Rajkumar Ragupathy, Innovation manager, HarmanLifestyle Audio enlighted the audience at the end of the first day, with a story of the impossible customer experience, following the user till inside the car to understand how he uses his sound on the trip to work. Raj explained that Innovation requires to understand the mindset and the culture of customers.
The first day was closed with a panel discussion. As a chairman, I summarised the first day ending with few drawings recording the essential learnings of the day.
The second day started with 2 speeches about customer-centricity. Ana Esteban is Team manager customer research, Digital workplace R&D at Konica Minolta. She explained how her team is collecting feedback of customers on an online platform rather than asking customers what they want. She explained the components of the interaction with the customer: 1. blogs and diary 2. forum 3. surveys 4. Creative sets (life collage inspired from journaling) 5. interactive playful tools using gamification. She explained how she convinced the business departments to move from a quantitative evaluation to a qualitative approach based on value creation.
Adi Chhabra, Head of Product Innovation at Vodafone in the UK, enlightened the audience with a futuristic view of innovation. he explained that the future is about reducing the number of interactions. From the currently limited intelligence of the chatbots, he spined-off with the introduction of object recognition and Generated Adverse networks, in a baffling demonstration of future capabilities of computers. For Adi, the future is in the web 3.0: Virtual reality, Augmented Reality, 3D printers, semantic web and decentralised with blockchain.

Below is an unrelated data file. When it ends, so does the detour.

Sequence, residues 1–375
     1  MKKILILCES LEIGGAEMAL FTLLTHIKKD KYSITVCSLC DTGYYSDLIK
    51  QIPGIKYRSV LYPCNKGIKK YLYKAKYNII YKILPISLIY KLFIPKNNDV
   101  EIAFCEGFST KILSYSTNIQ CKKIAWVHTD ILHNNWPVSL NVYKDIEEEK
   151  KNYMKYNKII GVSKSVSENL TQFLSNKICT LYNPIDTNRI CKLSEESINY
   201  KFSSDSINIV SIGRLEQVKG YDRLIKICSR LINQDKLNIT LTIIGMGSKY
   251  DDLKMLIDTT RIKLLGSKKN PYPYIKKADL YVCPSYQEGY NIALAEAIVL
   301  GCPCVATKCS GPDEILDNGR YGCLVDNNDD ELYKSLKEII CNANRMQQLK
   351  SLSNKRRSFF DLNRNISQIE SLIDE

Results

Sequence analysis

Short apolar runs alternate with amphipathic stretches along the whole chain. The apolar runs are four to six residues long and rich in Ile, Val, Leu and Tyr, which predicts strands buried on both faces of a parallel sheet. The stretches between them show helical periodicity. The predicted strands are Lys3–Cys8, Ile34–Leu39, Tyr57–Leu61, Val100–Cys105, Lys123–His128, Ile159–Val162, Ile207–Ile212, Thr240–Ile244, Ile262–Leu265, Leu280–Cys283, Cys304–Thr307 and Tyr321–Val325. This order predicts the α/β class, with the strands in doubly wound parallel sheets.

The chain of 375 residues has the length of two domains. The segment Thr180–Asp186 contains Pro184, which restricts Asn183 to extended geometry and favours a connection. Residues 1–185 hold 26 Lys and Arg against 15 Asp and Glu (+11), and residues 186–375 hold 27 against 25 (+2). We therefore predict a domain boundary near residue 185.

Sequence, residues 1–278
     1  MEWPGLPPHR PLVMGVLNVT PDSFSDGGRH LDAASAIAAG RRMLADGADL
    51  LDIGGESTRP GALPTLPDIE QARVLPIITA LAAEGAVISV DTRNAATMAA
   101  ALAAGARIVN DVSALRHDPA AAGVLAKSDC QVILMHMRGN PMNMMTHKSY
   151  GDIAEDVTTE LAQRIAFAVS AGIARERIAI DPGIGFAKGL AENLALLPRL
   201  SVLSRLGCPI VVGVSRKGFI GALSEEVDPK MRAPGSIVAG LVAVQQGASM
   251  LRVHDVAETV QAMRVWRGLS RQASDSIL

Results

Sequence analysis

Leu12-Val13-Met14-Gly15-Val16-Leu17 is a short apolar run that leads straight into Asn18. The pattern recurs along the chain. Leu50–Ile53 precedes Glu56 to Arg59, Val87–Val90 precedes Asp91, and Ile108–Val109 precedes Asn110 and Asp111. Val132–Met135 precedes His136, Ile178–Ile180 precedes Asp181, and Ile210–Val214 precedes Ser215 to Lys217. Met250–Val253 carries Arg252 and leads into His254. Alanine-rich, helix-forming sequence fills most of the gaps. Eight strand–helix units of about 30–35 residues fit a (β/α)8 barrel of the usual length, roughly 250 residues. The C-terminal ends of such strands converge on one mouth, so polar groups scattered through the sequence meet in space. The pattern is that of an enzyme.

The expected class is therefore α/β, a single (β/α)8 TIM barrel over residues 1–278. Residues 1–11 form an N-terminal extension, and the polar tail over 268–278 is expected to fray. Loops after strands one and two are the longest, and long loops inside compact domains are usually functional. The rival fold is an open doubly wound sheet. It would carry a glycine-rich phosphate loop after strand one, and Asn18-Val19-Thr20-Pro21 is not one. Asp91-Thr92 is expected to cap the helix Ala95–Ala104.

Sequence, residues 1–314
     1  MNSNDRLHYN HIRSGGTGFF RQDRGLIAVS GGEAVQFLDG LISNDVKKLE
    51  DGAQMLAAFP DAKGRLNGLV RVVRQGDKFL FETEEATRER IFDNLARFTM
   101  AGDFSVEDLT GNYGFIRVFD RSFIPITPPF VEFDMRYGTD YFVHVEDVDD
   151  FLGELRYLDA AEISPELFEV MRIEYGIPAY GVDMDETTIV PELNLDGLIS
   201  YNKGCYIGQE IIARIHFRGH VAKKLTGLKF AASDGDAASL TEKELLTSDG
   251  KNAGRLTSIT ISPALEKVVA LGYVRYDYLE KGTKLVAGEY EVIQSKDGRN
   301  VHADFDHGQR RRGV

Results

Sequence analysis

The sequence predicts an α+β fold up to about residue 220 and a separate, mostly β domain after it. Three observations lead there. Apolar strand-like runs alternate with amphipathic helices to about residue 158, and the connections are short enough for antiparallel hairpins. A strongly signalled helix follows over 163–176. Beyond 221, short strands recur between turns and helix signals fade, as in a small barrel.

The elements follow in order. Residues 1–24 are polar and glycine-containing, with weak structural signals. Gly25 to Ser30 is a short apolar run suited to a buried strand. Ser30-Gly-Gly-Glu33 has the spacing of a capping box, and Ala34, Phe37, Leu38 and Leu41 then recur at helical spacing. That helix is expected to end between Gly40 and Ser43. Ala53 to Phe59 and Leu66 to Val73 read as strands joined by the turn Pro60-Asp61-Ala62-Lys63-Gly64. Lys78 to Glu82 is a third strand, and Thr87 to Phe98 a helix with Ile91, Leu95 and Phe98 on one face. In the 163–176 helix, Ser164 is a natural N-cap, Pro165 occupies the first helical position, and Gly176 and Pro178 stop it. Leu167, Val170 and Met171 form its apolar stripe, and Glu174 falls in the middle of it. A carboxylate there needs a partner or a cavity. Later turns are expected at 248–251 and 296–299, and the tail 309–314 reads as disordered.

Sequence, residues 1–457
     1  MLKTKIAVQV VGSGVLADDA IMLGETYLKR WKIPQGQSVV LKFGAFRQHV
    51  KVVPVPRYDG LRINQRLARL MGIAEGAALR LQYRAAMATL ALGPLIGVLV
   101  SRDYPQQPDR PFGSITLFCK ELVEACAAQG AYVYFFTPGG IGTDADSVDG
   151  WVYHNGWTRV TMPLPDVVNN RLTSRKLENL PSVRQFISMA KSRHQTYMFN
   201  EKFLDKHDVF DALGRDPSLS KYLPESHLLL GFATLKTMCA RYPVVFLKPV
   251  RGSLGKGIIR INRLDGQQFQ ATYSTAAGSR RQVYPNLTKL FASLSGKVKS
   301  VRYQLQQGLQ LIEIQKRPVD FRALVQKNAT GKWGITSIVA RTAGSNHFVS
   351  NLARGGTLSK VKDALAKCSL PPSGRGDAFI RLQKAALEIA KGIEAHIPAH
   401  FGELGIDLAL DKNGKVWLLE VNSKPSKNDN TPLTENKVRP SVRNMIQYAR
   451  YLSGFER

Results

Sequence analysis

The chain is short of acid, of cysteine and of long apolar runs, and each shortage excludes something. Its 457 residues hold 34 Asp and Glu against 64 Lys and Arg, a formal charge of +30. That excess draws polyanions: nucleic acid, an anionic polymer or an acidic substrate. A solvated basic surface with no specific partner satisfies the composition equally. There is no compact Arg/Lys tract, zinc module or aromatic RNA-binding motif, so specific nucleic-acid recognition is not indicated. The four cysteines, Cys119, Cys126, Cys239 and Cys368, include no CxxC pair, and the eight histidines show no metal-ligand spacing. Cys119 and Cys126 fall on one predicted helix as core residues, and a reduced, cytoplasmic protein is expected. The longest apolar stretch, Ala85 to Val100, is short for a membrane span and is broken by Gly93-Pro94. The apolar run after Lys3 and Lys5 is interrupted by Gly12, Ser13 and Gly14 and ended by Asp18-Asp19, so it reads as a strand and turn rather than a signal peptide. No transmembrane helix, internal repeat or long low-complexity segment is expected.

Nicolas Bry, Orange Studio COO, opened the last block of the conference: Digital and technological transformation. He presented the open innovation initiative. Orange Studio creates interfaces and a framework for intrapreneurs. Its hackathons and crowd-sourcing platform Imagine at Orange are gathering 22.000 users. With Oranges Partners, Orange is creating innovation initiatives with the external partnership. Orange redefined the way Salomon users are perceiving the sports brand to refocus on social media allowing to share your sports experience with friends.
Joerg Hassmann, Head of Innovation and Portfolio Management, Siemens, explained the latest trend in engine innovation (1.service offer 2. digital twins 3. Industry Apps 4. Connectivity 5. Simulation 6. Configuration ). He described how his team is reaching innovation in their “war room of war room” ( OoO, Obeya of Obeya, in Japanese). An Obeya is a control room where all the ideas are connected physically speaking on wall boards and giant canvas.
The day ended with the 2 last presentations: I presented Agile Story mapping, a tool and technic to reconcile the business and the development by using a single language and support for the conversation. This closed the loop of the questioning of the introduction of the first day about what is Innovation and the “Why?”. The Why is the conversation we need to build 360 degrees with customers, business and development teams.
Michal Dunaj, R&D director EU research Operations, T-Labs – Telekom Innovation Laboratories, reflected on the topic of creativity in Innovation. He related the project T-Labs is delivering to support Magenta to shape the future using “Extreme Exploration”, the research of unconventional ideas, using de-focusing, bi-association, error and art to enable creativity.